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England could face tougher tier system when lockdown ends on December 2
17 November 2020, 10:16 | Updated: 17 November 2020, 14:39
Ministers are looking at plans that could see a tougher coronavirus tier system introduced when England comes out of lockdown on December 2.
No10 is under increased pressure to make the system tougher after health officials warned the lowest restrictions had "little effect" on infection rates.
Shadow health secretary Jonathan Ashworth on Tuesday pressed Matt Hancock on whether there were plans to imposer stricter Tier 1 rules, echoing criticism from Public Health England's Dr Susan Hopkins at a press conference earlier this week.
Mr Ashworth asked Mr Hancock in the Commons today: "Yesterday at his press conference we heard that Tier 1 has had very little effect and that the tiers must be strengthened.
"So can he confirm that it is the Government's intention to impose a tougher set of restrictions on Tier 1 areas post this lockdown?"
Mr Hancock did not rule it out, and replied: "It is too early to do the analysis that (Mr Ashworth) requests, but of course we remain vigilant."
Communities Secretary Robert Jenrick said earlier: "We will be looking at whether the measures that we had in the old tiers were effective.
"Remember, they varied quite a bit in different parts of the country, because in Tier 3 there was a baseline of measures, which the chief medical officer and others have always said was only the beginning, and we then asked local areas to consider whether they would be willing to go further than that, some did, some decided not to.
"So I think in the new tiers we'd like greater consistency and we'll have to look at the evidence to see which of those measures was actually the most impactful on the virus so that we take the most evidence-based approach that we can do.
"We haven't come to a conclusion on that yet, to be perfectly honest, but we will be within the next week or so."
Dr Hopkins said yesterday: "We see very little effect from Tier 1 and I think when we look at what tiers may be there in the future, we will have to think about strengthening them in order to get us through the winter months until the vaccine is available for everyone."
She warned ministers would have to consider strengthening the measures for the coming months if it hoped to get the virus under control.
Dr Hopkins, who is advising the Government on its Covid-19 response, added that Tier 2 restrictions appeared to have worked in some areas but "not so well in others".
The health secretary repeated his belief that it is "too early" to make decisions on what should happen after the lockdown in England comes to an end.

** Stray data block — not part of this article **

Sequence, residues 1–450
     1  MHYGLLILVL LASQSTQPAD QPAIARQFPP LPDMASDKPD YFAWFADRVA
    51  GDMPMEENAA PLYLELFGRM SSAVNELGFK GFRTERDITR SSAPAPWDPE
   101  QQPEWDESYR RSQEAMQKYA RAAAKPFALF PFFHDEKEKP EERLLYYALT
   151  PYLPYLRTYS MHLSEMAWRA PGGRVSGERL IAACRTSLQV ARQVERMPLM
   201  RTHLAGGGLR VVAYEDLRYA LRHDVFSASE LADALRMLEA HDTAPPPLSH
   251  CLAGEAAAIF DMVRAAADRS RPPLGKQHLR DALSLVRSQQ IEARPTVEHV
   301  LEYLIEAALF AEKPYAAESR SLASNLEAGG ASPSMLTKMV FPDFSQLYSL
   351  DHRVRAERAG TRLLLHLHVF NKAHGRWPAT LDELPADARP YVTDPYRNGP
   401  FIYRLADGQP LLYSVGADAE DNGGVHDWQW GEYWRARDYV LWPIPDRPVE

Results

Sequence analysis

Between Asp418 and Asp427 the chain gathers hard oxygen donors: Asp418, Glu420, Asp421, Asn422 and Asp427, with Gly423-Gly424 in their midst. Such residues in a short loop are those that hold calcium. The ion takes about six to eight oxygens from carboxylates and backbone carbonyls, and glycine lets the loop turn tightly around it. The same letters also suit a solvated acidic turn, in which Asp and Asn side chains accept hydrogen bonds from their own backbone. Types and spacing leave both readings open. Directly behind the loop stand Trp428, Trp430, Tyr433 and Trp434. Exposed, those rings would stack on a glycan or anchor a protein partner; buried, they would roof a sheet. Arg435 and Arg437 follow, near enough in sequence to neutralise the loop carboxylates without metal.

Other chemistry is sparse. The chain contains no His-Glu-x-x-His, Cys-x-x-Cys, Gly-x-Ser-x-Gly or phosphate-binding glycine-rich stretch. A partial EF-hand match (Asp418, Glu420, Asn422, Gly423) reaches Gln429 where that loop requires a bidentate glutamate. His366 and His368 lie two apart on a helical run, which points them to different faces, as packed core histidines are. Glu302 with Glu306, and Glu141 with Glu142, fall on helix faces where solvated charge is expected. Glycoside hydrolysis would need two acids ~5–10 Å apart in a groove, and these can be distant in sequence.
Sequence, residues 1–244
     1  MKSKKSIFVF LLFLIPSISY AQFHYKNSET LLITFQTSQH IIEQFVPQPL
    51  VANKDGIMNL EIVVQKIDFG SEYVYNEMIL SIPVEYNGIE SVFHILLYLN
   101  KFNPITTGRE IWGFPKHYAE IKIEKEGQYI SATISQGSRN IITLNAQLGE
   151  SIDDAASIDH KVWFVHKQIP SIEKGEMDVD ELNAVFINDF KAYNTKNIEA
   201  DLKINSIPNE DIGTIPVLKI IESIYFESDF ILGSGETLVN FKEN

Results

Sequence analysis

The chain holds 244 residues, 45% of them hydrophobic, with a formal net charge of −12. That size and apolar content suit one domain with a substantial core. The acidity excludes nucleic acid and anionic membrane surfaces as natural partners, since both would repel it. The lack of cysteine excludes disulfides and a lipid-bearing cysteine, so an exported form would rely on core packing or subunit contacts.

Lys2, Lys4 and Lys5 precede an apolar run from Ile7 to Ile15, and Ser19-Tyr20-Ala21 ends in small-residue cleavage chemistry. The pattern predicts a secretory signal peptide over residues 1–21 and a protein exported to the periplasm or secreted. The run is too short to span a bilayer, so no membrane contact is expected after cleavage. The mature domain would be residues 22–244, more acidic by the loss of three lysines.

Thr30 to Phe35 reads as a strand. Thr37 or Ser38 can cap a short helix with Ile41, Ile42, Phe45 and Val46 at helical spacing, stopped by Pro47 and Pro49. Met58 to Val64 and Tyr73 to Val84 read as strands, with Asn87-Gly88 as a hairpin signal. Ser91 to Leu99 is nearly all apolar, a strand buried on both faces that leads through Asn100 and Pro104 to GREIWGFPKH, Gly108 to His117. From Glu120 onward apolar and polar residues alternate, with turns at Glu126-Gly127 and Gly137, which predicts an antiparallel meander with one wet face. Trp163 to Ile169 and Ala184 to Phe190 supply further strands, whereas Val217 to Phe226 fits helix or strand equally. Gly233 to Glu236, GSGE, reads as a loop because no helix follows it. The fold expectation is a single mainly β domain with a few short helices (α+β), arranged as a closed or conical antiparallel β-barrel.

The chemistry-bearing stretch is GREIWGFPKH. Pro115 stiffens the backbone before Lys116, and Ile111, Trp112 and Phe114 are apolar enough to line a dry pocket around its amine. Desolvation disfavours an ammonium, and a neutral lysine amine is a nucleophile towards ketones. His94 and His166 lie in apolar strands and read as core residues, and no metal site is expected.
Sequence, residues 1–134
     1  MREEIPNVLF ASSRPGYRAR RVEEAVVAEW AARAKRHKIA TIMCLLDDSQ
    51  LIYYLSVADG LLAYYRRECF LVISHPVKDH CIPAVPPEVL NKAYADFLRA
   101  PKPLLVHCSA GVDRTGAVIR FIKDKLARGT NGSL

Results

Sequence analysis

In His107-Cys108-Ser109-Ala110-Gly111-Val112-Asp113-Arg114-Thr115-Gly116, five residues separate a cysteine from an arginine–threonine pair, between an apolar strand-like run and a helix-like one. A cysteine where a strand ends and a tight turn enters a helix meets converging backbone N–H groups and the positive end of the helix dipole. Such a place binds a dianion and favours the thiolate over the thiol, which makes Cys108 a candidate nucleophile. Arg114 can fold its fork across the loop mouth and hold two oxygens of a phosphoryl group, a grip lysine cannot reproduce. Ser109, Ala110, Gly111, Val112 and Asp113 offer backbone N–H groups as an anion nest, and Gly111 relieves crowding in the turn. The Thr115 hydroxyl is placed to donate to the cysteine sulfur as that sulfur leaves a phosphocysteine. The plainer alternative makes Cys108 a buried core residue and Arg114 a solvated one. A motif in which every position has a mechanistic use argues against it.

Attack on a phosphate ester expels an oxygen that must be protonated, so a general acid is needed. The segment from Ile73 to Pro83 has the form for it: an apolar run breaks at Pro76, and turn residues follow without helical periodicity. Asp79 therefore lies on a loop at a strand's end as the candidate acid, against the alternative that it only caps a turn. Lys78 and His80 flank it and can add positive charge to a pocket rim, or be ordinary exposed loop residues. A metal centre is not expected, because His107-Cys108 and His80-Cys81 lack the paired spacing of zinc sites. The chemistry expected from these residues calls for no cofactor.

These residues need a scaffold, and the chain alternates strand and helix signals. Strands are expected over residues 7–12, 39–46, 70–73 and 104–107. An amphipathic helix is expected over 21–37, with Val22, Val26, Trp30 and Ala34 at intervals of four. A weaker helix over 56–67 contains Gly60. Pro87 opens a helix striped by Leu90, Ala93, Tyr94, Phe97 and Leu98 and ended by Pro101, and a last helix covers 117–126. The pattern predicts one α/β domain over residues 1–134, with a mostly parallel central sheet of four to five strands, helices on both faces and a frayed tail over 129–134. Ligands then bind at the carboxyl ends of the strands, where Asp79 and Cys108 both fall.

"But we absolutely hope to be able to replace the national lockdown with a tiered system similar to what we had before," he added.
He was not drawn on whether coronavirus cases will be reduced enough to ease national restrictions on 2 December as planned, and called on the public to "persevere" as the country tackles the second wave of the virus.
In an interview with LBC on Tuesday morning, Mr Jenrick told LBC the Government's "hope and expectation" is that England will return to a tiered system, but said ministers could lay down plans in parliament to extend - only if it is backed by MP in a vote.
It signals an ongoing debate between cabinet ministers and Conservative MPs over the next steps to tackle the spread of the virus - with some in favour of extending the lockdown and others hoping to move back into lighter local measures.
Tory backbencher Kevin Hollinrake called on Mr Hancock to look at a tiered system by districts and highlighted the economic effects of the lockdown on the hospitality sector as "very severe".
Mr Hancock pointed to a Covid-19 vaccine as the only way to ensure the UK comes out of tough restrictions in the middle of next year.
The likelihood of securing a vaccine moved a step closer yesterday after early data showed a new jab to be almost 95% effective in protecting against the virus.
Scientists welcomed the "tremendously exciting" news that US firm Moderna's jab may be highly effective in preventing people getting ill and may work across all age groups, including the elderly.
Mr Hancock said "great advances in medical science are coming to the rescue", but admitted the UK had only secured five million doses of Moderna's jab.
"While there is much uncertainty, we can see the candle of hope and we must do all that we can to nurture its flame," he said.
"But we're not there yet. Until the science can make us safe we must remain vigilant and keep following the rules that we know can keep this virus under control."
The UK has already secured 40 million doses of a vaccine from Pfizer/BioNTech, which uses the same technology as Moderna and should be in the UK before Christmas.
But the Government did not place orders with Moderna at the same time and a Government spokesman said the jab would not become available until "spring 2021 in the UK at the earliest" after spending much of Monday in negotiations with the company.